Blanton to Enter LABC Hall of Fame

by Kent Lowe (@LSUkent)
Blanton to Enter LABC Hall of Fame

BATON ROUGE — Ricky Blanton may not have come to LSU as one of the greatest recruits in the program’s history.

But over 20 years since his final season at LSU, he remains one of the most remembered and most beloved Tigers the program has ever had.

For a career in which he adapted to the need to bulk-up and be LSU’s center to his outstanding play that led to two of the Tigers’ most memorable game-winning shots in his senior year, he is joining the distinguished members of the Louisiana Basketball Hall of Fame.  He will be inducted on May 1 in Baton Rouge at the group’s annual banquet.

“I am very honored to be selected into the Louisiana Basketball Hall of Fame,” said Blanton.  “I am humbled to be in the company of so many great players and coaches.”

The trip to the Hall of Fame began innocently enough as another recruit of LSU.

LSU head coach Dale Brown liked what he saw in Blanton, who prepped at Killian High School in Miami, Fla., but even Brown couldn’t fathom what was to come.

“I saw the great character and determination in Ricky, but (then associate coach) Ron Abernathy saw his talent more so then I did,” said Brown recently.  “There is no way I ever would have imagined he would ever play center for us.”

“Coach Brown and his staff did a tremendous job of recruiting me,” Blanton recalled.  “The opportunity to play in the SEC and compete on a national level was very attractive.”

Blanton’s high school coach, Bob Kaufman, called him “fundamentally sound” and “a complete ballplayer.  He’ll be a perfect role player.”

Well, you don’t make the LSU 16-man Team of the Century selected in 2009 by being just a role player.  You have to make your mark in Tiger history and Blanton did just that.

Blanton was little more than a bit player during LSU’s 1985 SEC championship season, averaging 3.5 points and 1.8 rebounds per game and he experienced the frustration that many freshman face.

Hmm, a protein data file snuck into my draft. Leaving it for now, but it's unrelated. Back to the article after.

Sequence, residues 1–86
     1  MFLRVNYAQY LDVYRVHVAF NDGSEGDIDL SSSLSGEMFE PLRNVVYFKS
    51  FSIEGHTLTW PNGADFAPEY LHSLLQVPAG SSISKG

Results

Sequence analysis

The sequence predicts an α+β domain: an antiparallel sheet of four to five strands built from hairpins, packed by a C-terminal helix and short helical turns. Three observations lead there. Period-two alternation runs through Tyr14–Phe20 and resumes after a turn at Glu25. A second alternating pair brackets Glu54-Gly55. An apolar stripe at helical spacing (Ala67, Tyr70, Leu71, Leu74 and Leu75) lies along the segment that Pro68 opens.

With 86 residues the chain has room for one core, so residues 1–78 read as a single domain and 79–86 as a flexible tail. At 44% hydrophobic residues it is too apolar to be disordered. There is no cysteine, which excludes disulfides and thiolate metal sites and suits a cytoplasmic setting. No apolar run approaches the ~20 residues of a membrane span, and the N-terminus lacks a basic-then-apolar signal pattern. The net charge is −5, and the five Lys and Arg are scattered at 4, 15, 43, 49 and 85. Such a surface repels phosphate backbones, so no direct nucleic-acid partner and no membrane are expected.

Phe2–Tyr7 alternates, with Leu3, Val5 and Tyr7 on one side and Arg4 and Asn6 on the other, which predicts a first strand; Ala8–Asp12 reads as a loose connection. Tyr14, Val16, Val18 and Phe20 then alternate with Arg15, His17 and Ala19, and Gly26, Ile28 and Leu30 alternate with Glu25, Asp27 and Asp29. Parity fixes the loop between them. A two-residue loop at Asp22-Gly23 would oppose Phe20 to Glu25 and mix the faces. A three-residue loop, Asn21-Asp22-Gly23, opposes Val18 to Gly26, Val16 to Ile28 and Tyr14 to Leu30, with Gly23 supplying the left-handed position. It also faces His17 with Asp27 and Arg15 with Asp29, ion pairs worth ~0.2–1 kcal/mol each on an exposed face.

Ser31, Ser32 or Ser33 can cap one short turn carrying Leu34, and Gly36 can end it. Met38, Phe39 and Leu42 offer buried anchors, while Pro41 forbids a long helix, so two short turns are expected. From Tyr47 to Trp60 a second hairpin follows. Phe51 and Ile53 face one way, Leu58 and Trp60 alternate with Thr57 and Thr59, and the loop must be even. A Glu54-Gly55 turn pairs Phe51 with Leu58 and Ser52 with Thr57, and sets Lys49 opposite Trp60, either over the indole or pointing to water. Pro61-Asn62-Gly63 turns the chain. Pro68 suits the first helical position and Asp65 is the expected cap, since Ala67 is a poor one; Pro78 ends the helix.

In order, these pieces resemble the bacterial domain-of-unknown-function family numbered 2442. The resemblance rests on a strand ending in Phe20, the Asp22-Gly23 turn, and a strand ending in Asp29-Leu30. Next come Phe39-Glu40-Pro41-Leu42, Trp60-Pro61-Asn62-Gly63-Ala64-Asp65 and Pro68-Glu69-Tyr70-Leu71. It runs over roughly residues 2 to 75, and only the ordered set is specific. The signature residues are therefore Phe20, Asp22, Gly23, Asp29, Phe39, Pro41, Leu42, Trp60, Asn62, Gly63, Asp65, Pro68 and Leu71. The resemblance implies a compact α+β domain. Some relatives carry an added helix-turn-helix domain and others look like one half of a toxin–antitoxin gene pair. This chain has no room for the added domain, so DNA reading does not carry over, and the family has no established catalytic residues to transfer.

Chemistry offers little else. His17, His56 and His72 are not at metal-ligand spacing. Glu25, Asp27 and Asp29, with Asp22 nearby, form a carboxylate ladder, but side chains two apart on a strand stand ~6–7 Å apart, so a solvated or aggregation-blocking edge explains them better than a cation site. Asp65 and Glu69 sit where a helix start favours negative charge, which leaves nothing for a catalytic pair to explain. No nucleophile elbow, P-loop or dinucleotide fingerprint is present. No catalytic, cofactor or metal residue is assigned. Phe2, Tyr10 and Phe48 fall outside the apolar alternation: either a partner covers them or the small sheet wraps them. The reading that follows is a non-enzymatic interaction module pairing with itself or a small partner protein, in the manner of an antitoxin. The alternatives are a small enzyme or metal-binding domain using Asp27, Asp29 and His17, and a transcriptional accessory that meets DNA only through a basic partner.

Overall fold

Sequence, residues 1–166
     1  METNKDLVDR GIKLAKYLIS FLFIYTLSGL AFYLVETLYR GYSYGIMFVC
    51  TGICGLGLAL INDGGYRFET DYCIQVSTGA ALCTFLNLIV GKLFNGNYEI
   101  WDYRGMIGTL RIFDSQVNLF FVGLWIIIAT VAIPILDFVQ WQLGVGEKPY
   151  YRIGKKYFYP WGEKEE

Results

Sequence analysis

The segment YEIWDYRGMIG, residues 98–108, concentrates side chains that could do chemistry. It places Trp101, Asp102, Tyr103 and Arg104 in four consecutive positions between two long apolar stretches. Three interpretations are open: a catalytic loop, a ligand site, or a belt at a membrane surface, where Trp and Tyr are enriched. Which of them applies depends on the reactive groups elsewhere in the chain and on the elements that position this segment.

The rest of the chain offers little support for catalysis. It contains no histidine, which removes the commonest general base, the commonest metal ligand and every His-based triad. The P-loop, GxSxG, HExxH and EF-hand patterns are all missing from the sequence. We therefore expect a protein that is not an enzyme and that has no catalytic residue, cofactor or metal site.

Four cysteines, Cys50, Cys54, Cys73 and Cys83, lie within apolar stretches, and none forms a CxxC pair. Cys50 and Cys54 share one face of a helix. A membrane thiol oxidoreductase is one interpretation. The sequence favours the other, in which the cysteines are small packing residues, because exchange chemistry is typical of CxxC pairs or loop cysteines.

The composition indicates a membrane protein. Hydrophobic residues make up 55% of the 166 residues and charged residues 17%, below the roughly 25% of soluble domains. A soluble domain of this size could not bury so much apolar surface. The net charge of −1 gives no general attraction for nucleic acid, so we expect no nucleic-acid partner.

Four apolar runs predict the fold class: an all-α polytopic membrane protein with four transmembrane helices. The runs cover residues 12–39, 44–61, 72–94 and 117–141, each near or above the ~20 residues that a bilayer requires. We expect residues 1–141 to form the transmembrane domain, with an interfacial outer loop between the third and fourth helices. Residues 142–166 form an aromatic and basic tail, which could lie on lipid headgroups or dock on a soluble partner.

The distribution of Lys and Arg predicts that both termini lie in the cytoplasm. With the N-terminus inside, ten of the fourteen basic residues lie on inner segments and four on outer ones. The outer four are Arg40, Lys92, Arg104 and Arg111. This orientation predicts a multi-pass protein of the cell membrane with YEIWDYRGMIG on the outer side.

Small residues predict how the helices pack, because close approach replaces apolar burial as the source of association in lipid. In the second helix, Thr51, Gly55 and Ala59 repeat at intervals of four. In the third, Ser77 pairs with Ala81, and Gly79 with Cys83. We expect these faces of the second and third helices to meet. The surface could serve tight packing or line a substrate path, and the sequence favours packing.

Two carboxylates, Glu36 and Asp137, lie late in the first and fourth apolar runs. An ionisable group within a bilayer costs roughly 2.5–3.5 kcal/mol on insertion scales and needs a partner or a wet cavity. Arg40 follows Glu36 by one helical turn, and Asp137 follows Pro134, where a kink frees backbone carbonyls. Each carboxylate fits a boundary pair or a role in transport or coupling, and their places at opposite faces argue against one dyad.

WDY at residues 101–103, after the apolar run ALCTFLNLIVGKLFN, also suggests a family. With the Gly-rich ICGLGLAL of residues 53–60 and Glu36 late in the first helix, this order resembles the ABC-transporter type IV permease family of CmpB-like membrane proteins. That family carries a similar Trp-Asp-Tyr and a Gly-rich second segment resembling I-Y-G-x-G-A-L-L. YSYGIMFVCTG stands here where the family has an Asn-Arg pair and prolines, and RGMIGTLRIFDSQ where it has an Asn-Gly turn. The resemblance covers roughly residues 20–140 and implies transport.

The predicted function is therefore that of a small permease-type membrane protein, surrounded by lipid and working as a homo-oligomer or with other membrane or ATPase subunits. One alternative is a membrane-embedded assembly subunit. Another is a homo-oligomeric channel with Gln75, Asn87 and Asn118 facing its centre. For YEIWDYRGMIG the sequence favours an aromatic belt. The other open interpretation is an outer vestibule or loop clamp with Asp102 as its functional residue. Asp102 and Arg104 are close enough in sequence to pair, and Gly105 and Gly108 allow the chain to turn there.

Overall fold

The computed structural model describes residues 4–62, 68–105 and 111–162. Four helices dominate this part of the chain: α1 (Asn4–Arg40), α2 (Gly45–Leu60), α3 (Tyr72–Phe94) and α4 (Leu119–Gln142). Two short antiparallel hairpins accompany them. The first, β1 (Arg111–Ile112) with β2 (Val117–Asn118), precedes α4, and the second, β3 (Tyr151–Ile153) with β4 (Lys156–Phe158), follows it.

“I think every freshman experiences the frustration of not playing as much as they’re used to,” Blanton said at that time.  “I think I did a wise move by staying.  It really paid off.”

That payoff came just one season later when the Tigers would have one of the dream seasons in college basketball history.  The Tigers won their first 13 games but when center Nikita Wilson was declared ineligible, and with 7-1 Zoran Jovanovich (injury) and 7-0 Tito Horford (dismissed) out as well, there was no one left to play center to help star forward John Williams as the Tigers tried to go through the SEC season.

But Brown had an idea.

“After he arrived at LSU and the more I watched him I fully realized what a gem we had,” he said.  “After we lost all three of our centers my first reaction was that there is one person I believe in that could fill this impossible role and that was Ricky.  When I called him to my office and told him my plan he looked shocked but told me if that is what I want he would do it.”

The Tigers were inconsistent during the conference season and went 9-9 in the league.  They were given just an eleven seed by the NCAA selection committee, but they also were given one of the great breaks ever.  They were the last team to ever host and play in a first and second round … all at the Pete Maravich Assembly Center.

First, an unhappy Purdue team fell to LSU by a 94-87 score in double overtime, and then an Anthony Wilson bucket at the buzzer sent LSU to the Sweet 16 with an 83-81 win over Memphis State.

It was in the NCAA Tournament that the 19-year-old sophomore Blanton began to establish himself as a center that had bulked-up to play the position at 6-7.  He held Memphis State’s 7-0 center William Bedford to just two points and one rebound in the second half and would follow that in the regional semifinals by holding Georgia Tech’s 6-11 John Salley to three second-half points and Kentucky All-American Kenny “Sky” Walker to four points and three rebounds in the second half.  For his efforts, he was named to the NCAA Southeast Regional All-Tournament team.

The iconic symbol of LSU basketball for years came in the game that sent the Tigers to the Final Four.  After his last-minute layup nailed down the upset victory over third-ranked Kentucky, Blanton raced down the court shaking both fists in a circular motion over his head.

“Our 1986 Final Four run was very memorable,” said Blanton.  “When we beat Memphis in the second round in Baton Rouge, it was the loudest I have ever heard the PMAC.  The Final Four atmosphere as a player is something I am proud to say I was a part of.”

Blanton would miss out on the 1986-87 season, a year when the Tigers went to the Elite Eight, after preseason knee surgery.

But he would have two seasons left and his role changed to one of scoring and leadership.  He was the Tigers’ co-captain in 1988 and its leading scorer and rebounder with 17.0 points and 8.8 rebounds per game, winning a berth on the coaches’ All-SEC team and earning All-Louisiana honors.  He won hearts across the league and nation when he led LSU to a win over Vanderbilt in the SEC Tournament at the Assembly Center just three days after the death of his best friend, former teammate Don Redden.